An animal activist offers a healthy alternative to chicken and other meaty staples.
THE offer of hot satays on a Saturday afternoon is too tempting to turn down, even though they come with a rider: home cook and owner of Catalyst Food, Marieen Vijay, tells me she makes hers from mock meat. But as I walk into her kitchen in Anna Nagar, I almost think she’s made an exception for me. On the counter are the promised satays, along with a selection of steaks, wraps, a Mandarin-style stir fry and even a ‘chicken’ curry served with idiyappam. And they smell like a meat lover’s feast. “I turned vegetarian in ‘95, around the time I helped co-found the Chennai chapter of People For Animals. I then became vegan in ‘98. But when all the meat and cheese disappeared, I went a little crazy,” Vijay laughs, recalling the early days. Then she was introduced to mock meat on her travels to South East Asia. “I began experimenting with it a few years ago, researching online and learning how to make it at home,” she explains. And after plenty of trials and errors, she’s perfected her base ‘meat’—made from soy and wheat protein.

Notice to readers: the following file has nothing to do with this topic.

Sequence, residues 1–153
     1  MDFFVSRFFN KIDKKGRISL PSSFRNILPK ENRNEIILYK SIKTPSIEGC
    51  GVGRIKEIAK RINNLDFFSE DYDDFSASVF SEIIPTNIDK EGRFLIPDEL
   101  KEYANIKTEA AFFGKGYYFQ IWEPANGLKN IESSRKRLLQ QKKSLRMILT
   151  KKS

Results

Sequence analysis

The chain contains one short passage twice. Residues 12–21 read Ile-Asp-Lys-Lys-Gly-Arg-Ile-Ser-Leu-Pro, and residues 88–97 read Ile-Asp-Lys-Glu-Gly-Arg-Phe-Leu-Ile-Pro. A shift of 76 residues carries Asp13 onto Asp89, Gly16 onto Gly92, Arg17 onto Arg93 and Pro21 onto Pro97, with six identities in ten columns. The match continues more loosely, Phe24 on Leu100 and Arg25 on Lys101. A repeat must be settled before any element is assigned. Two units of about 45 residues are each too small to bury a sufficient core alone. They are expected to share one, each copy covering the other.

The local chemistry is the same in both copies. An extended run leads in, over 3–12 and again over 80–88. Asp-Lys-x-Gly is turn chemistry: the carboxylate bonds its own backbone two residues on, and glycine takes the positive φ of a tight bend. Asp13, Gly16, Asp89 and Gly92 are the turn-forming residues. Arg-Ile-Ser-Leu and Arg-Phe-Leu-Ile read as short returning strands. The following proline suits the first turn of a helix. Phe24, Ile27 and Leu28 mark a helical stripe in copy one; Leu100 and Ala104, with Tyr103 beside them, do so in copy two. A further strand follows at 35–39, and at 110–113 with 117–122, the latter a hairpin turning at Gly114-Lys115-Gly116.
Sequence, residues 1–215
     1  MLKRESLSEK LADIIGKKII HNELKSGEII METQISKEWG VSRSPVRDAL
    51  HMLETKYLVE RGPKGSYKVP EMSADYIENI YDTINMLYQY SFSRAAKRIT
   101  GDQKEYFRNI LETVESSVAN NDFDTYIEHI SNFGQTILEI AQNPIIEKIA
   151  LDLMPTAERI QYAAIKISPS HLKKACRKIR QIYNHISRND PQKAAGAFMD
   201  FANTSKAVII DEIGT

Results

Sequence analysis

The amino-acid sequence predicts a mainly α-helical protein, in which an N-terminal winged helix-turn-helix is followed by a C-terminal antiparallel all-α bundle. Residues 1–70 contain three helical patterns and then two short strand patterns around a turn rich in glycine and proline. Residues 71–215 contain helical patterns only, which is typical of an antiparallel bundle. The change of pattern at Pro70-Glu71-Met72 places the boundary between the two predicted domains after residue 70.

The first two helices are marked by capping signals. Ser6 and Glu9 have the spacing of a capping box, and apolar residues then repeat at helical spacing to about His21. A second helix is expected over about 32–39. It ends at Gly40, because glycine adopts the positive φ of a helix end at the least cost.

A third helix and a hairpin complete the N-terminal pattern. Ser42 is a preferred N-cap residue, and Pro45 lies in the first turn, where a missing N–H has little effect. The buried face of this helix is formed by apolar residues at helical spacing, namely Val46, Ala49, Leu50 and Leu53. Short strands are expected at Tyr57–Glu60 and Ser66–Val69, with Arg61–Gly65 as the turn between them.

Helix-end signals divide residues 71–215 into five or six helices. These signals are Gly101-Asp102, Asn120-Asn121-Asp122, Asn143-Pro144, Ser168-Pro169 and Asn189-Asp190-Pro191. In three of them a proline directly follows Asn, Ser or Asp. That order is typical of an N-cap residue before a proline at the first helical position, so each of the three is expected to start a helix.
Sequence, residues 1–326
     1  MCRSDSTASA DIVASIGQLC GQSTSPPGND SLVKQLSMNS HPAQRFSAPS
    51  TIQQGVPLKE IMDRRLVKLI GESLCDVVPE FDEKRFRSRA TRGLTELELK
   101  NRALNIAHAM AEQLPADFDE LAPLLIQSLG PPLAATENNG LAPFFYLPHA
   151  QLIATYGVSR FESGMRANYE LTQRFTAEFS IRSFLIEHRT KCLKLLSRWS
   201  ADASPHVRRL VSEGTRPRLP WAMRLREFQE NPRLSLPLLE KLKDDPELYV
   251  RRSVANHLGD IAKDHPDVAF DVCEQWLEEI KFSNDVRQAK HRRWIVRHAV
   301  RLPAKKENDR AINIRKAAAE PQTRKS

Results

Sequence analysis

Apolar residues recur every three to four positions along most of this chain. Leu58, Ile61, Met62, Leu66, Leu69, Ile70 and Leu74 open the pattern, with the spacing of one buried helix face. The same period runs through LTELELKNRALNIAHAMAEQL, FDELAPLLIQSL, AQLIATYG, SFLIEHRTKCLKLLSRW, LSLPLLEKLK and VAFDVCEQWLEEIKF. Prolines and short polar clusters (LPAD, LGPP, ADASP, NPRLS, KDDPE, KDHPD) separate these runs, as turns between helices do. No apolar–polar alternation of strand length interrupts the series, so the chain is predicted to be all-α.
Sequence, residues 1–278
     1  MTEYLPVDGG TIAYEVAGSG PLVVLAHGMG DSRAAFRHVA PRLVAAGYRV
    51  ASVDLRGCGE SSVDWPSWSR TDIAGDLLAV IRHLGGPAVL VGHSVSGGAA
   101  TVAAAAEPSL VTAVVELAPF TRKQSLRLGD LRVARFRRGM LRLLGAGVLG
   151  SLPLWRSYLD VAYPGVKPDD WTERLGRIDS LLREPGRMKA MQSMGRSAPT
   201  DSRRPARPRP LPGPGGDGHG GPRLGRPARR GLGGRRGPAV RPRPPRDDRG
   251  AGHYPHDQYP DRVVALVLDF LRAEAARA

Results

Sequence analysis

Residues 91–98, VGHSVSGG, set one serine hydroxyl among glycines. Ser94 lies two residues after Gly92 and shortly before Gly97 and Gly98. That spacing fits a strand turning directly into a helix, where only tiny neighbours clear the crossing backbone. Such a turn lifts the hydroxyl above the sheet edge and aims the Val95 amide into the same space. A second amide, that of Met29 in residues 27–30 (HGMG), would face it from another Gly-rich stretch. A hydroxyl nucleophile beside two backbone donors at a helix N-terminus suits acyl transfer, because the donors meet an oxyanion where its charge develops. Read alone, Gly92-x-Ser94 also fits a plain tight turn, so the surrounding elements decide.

Today, she makes them in three pre-cooked flavours: Chinese, South Indian Spicy Masala, and a Smoky Crumble (sausage flavour), besides doing nuggets, steaks, satay and a soon-to-be-launched Oriental BBQ. “To infuse mock meats with flavours, I pre-cook and pre-season mine, so you can just heat and serve,” she says, adding that you can be as innovative as you want to be—from serving it as a side dish, to making lettuce wraps, adding it to your noodles, and even making burgers and pizzas from them. Vijay also makes vegan cakes and three kinds of mayonnaise, and plans to add nut milks and vegan butters to her menu. “I’m also trying my hand at making mock sausages. I’ve got my cellulose casings and they should soon be up for sale,” she states. As for the satays, they were delicious—slightly chewy but with a rich smokiness.
Rs 250 for a pack. Details: 9884213332; firstname.lastname@example.org
—Surya Praphulla Kumar